Category Archives: Uncategorized

Um.

I had to video myself talking recently and was shocked at how much I say, “um.” This realization let me to this article, which offers some really helpful advice. But, it also gave me a lightning-strike moment re: gender and rhetoric with this line: “we use “um” and “ah” to hold onto the “conversational floor” as we are planning what we are going to say next.” I already knew that women tend to hedge and use filler words more than men, and I suddenly realized that I, personally, do absolutely use “um” to hold the floor. Because if I don’t, I am constantly interrupted. I tried, once, to count how many times I was interrupted in a day … and I gave up. (To be clear, I was interrupted at least as often by women as men. I’m not saying men are interrupters, necessarily. Rather, that in my experience, we all are enculturated to think it’s okay to interrupt women.) So … still searching for strategies to claim rhetorical space with resorting to holding the floor with um. Um, sigh.

 

Intersectionality

This is a few months old, but an excellent read:

https://time.com/5786710/kimberle-crenshaw-intersectionality/

“Self-interrogation is a good place to start. If you see inequality as a “them” problem or “unfortunate other” problem, that is a problem. Being able to attend to not just unfair exclusion but also, frankly, unearned inclusion is part of the equality gambit.”

COVID-19

As COVID-19 continues to spread, I’ve been really impressed with one particular piece of technical communication. This chart has shown up in a number of places, and it’s the sort of visual representation that can really make a difference for audiences. When I saw it, I thought, “Oh–I get it now. Slowing the virus down actually lessens its impact.” This is some smart work.

A graph showing two curves and a dotted line representing the healthcare system's capacity running horizontally. One curve rises high above that line and peters out quickly; the other is a longer curve that goes on longer but peaks later and just brushes the capacity line.

Versions of this graphic have appeared in a number of places. This particular one can be found at: https://www.weforum.org/agenda/2020/03/this-one-chart-shows-why-minimizing-coronavirus-impact-is-a-race-against-time/

Women speak!

I think this is the first time I’ve ever seen a report like this that … looks like this!

https://www.cnn.com/2020/02/19/politics/nevada-democratic-debate-speaking-times/index.html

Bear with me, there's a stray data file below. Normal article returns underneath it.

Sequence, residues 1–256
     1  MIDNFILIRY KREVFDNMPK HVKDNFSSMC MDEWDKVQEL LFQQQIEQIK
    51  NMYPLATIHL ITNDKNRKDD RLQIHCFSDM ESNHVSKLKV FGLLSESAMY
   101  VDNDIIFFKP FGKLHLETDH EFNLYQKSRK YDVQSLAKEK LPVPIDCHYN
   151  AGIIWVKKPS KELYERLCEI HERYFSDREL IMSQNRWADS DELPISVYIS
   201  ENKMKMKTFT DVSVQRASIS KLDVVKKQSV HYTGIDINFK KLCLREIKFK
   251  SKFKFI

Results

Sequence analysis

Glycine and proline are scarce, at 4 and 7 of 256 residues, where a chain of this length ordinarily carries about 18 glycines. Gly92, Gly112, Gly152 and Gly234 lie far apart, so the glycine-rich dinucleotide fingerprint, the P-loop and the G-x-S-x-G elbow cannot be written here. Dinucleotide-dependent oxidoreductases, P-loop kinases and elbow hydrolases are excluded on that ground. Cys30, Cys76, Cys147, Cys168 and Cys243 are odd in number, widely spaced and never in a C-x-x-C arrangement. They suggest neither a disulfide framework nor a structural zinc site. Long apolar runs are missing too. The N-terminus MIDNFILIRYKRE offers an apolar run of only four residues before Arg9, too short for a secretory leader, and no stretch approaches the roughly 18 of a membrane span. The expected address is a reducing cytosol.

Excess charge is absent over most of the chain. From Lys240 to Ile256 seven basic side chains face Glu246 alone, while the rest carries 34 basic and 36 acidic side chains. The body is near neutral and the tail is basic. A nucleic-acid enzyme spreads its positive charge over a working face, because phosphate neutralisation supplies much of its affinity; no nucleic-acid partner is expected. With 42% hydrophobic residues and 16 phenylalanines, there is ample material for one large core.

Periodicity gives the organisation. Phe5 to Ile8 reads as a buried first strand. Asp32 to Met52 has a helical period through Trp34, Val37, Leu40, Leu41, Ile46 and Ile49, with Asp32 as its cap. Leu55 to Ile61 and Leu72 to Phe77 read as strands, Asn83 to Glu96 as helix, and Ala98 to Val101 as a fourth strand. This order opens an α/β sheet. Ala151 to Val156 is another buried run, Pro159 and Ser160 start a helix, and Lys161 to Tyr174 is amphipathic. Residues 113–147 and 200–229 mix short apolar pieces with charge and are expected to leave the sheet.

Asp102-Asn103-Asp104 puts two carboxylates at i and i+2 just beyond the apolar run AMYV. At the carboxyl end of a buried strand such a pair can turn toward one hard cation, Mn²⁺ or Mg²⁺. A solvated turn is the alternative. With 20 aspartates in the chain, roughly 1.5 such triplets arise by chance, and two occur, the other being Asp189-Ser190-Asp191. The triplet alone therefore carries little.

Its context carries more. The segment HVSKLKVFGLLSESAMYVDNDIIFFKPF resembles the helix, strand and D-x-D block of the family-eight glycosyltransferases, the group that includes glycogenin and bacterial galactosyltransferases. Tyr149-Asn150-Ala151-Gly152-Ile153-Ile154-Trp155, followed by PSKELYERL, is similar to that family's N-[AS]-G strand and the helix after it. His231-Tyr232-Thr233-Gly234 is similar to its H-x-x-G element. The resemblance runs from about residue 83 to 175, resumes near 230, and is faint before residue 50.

Women’s names

This article was sent to me last month by a smart friend who is thinking about the ramifications of name changes in academe. I wanted to pull out a few important quotes and ideas.

I love this idea: “For me, I realized that my marriage and the name-changing question gave me an opportunity for empowerment: to reclaim my identity with a name of a family I chose.” I like to see name-changing as an opportunity, a potential gain rather than a loss. After all, changing your name doesn’t mean you have to lose the name you had.

Also, this one: “We should not have to weigh the possibility that taking a new name equates to being taken less seriously as a scholar.”

Finally, this paragraph, which is one place where I don’t totally agree:

“When I asked colleagues to point out academic women who had taken a new name, they could only identify three conditions where scholars changed their names and went on to have a successful career. The first was in the early years of graduate school. For graduate students with only a few publications or presentations, the decision is often less frowned upon and might even go unnoticed by those looking over one’s curriculum vitae. The second acceptable condition is following a divorce posttenure. The idea here is that a woman is reclaiming her identity and thus it’s viewed as empowering, or at least respectable, due to the circumstances. The third acceptable condition is to hyphenate, joining one’s birth and married names.”

I think these conditions may seem more acceptable to some, but as a woman who changed her name before graduate school, I’ve still taken some heat. This usually has to do with my identification as feminist–aren’t feminists supposed to keep their names? Spoiler alert: No. Feminists are supposed to do whatever the heck they please with their names and we don’t owe anybody an explanation.

In the end, the only true downside I see about changing your name is functionality. If you do already have publications and somebody reads one and likes it, having different names on different articles may hinder them from finding your other work. But strategies exist for working around this problem.

Of course, all this presupposes that we only get one name and that name is static. That may be true for one’s legal name, but we can operate with different names beyond what is “official.” I take joy in operating as Erin Frost, Erin A. Frost, Erin Clark Frost, and Erin Clark across different contexts. They are all me, with some names representing identities that have closer associations to certain spaces, times, people, or ideas. I claim all these names as mine, and I never want to lose any of them.